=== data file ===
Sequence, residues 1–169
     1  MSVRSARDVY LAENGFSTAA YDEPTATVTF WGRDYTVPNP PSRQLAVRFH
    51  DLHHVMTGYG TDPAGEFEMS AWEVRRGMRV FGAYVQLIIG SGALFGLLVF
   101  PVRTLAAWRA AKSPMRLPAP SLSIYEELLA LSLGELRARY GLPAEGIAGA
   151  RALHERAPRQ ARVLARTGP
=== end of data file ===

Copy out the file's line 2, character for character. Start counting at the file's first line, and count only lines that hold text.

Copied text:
     1  MSVRSARDVY LAENGFSTAA YDEPTATVTF WGRDYTVPNP PSRQLAVRFH